Once upon a time, Peter Brook explained everything very simply: for a theatre, you need an empty space where one man is performing something while someone else is watching him. Contemporary theatre and performance studies, or more accurately, the concept of autopoeitic feedback loop, as defined by the prof. Dr Erika Fischer-Lichte, theoretically deepens that concept. According to Fischer-Lichte, what actors, directors and other artists prepare and then perform on stage, is not a performance but just a staging. Only through a physical presence of performers and audience, therefore through a situation which takes place in a physical space, does the mentioned autopoietic feedback loop come to exist, the continual energetic, emotional and spiritual flow and exchange between the two groups, and only that “event” is considered - a performance. In other words, a performance is constituted by the flow, by the exchange, it does not have a material quality; once the performance is over, not a single artefact remains, only material traces of its former (ephemeral) existence.
What kind of challenges does this understanding of theatre and performing arts have to face in the situation of a pandemic? Under the circumstances of necessary physical distancing, which we often mistakenly refer to as “social”, this aesthetic essence of theatre is seriously jeopardized: because of that, theatre was one of the rare human activities which was in many parts of the world, including here, completely cancelled. Theatre was trying to come up with various means to persist, mostly via broadcasting of recordings of performances on the Internet platforms. That does represent a rational, pragmatic solution in the crisis, but can such media format be called theatre, even if we refer to it as digital? Can the recordings of the performances be defined as digital theatre or does that definition, still, belong only to a performance which sensibly, conceptually permeates physical and virtual reality?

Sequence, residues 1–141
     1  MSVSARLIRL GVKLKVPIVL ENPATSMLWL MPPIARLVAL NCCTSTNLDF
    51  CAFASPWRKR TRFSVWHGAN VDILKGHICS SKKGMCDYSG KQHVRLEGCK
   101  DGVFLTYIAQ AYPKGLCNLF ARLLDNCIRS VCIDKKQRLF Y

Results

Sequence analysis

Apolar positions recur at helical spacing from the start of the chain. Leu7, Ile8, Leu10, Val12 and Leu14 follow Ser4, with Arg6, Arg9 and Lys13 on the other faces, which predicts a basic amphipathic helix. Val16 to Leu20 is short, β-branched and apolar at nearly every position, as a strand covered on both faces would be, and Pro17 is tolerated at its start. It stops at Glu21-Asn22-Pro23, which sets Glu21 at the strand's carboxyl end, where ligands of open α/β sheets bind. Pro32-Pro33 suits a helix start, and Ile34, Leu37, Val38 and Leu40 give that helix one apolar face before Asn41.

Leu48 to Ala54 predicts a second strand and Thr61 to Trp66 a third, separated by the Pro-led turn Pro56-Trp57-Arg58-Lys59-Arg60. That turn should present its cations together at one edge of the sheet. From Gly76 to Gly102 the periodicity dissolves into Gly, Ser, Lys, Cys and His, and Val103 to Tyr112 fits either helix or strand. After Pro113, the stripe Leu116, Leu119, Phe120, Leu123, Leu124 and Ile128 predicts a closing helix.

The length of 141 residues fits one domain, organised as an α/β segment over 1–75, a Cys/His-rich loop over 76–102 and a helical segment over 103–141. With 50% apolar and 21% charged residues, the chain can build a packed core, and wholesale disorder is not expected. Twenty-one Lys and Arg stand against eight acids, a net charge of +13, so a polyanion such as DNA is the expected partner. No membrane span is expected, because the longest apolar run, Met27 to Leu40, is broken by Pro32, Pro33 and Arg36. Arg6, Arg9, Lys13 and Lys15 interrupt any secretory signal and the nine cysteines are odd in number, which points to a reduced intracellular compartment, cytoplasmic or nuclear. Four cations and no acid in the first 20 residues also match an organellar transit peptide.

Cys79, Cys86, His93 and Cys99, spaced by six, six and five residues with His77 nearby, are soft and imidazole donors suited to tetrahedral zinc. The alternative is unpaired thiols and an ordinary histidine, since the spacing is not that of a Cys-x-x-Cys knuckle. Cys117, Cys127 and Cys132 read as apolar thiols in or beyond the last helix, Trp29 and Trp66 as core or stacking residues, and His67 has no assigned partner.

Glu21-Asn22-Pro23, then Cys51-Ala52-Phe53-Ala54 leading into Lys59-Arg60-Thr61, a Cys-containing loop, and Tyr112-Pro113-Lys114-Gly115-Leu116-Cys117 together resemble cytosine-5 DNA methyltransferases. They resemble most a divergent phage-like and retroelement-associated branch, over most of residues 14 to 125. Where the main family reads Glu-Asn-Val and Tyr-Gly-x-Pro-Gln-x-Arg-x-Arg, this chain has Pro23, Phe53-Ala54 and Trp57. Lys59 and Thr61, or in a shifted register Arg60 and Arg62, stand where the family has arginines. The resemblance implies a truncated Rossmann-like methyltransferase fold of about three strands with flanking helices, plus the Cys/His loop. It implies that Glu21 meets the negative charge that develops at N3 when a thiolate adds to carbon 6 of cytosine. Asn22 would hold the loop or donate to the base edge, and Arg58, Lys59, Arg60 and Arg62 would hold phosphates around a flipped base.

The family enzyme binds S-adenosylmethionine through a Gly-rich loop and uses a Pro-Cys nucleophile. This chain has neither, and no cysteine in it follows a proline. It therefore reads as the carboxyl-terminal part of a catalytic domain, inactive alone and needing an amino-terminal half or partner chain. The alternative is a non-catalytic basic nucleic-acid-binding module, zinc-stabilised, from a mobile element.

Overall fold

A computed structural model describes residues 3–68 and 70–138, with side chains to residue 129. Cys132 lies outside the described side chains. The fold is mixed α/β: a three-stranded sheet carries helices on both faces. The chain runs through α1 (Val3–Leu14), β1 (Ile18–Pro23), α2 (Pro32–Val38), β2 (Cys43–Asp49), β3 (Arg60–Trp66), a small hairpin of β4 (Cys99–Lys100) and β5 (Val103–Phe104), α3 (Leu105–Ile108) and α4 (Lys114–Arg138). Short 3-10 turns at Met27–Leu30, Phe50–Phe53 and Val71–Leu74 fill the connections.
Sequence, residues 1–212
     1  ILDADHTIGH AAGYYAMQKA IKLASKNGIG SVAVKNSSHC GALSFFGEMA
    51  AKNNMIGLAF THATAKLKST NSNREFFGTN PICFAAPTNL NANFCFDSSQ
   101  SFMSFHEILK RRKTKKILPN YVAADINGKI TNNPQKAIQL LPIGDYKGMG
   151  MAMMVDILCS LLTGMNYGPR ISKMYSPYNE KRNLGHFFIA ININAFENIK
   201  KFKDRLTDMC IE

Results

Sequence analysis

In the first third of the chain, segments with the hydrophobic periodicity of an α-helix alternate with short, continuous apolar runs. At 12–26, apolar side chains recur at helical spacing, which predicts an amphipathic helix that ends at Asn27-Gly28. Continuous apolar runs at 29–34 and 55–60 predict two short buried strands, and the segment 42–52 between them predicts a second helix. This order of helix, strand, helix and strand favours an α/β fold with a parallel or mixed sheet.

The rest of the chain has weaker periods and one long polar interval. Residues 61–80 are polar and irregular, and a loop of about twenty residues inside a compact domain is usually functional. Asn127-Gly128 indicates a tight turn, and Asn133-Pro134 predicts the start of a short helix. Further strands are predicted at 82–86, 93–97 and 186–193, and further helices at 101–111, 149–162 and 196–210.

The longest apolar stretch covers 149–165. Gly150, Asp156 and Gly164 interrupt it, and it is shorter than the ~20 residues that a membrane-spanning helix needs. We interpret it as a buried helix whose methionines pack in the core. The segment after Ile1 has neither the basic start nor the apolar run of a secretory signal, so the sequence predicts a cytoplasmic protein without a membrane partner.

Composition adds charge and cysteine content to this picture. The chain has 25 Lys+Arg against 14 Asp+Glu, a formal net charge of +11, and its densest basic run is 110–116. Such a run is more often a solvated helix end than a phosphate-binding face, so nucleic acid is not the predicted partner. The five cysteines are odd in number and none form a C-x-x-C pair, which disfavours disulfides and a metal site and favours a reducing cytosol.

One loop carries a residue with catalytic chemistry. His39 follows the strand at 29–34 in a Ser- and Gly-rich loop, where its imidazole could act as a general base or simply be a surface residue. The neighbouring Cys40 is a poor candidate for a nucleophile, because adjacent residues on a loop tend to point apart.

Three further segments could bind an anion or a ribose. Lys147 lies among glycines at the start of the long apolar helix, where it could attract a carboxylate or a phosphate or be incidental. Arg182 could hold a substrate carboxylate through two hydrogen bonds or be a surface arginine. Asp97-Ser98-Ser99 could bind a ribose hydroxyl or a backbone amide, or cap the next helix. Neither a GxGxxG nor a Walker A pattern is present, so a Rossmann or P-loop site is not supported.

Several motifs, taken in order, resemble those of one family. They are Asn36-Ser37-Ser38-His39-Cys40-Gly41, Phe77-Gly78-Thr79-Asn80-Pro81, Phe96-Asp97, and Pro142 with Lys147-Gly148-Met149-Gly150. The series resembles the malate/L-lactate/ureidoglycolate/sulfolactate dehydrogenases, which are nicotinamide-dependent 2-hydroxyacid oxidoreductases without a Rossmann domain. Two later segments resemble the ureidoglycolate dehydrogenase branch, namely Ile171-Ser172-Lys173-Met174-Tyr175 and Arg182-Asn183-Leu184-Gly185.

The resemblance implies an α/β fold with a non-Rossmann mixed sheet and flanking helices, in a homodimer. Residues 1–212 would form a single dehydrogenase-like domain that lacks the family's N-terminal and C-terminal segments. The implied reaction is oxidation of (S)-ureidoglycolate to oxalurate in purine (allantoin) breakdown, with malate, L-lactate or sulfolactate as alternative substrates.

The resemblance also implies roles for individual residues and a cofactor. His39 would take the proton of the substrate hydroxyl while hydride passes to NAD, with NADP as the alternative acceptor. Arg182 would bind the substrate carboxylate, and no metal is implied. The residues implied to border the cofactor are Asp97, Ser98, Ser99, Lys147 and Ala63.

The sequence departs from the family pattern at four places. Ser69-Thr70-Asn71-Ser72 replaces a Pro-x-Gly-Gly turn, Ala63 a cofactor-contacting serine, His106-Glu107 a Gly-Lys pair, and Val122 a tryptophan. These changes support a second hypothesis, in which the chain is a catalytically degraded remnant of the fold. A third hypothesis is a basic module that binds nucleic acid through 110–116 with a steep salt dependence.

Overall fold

One should say that regardless of the surge of incompetent interpretations of digital theatre that we have faced during the pandemics, this question is far more easily answered than a similar one which stems from the 54th Bitef artistic focus, i.e. from Bitef-Prologue. It concerns the deliberation of live presence of a performer on stage as a prerequisite for the autopoietic feedback loop. How does this theory persist, how to lend it additional support when live performers on stage are joined or even substituted by - drones, avatars, holograms, and robots? Can we imagine an all-encompassing exchange, a flow, between the performers and audience if we do not presume the existence of artificial intelligence?
This and similar scholarly questions will be the topic of a discussion that the Bitef artistic director Ivan Medenica will lead with prof. Dr Erika Fisher-Lichte, possibly the most renowned international authority on those issues.
Professor Dr. Dr. h. c. Erika Fischer-Lichte is one of the most prolific performance scholars in the German academic landscape. She is director of the International Research Centre „Interweaving Performance Cultures“ (since 2008) at Freie Universität Berlin. She is a member of the Academia Europaea, the Academy of Sciences Goettingen, the National Academy of Sciences Leopoldina, the Berlin-Brandenburg Academy of Sciences, International Honorary Member of the American Academy of Arts and Sciences. She had guest professorships in China, India, Japan, Russia, Norway, USA, Sweden, Portugal, Spain, Brazil, and Cuba.
Her research fields are aesthetics, history and theory of theatre. Her wide-ranging work has significantly shaped the discipline of Theaterwissenschaft (Theatre and Performance Studies) in the past decades. Her foregrounding of the performance event and the interactions between performers and spectators emphasizes the transformative power performances can have over their participants. This forms the basis of her research regarding the aesthetics and politics of performances as well as the knowledge they generate, and their related epistemologies. Her publication record is expansive and comprises books on the theory and history of theatre, and performance, in particular on semiotics and performativity, as well as on aesthetics, and INTERART phenomena.
Professor Fischer-Lichte is the author of Transformative Aesthetics (2018, with B. Wihstutz), Tragedy’s Endurance: Performances of Greek Tragedies and Cultural Identity in Germany Since 1800 (2017), The Politics of Interweaving Performance Cultures (2014).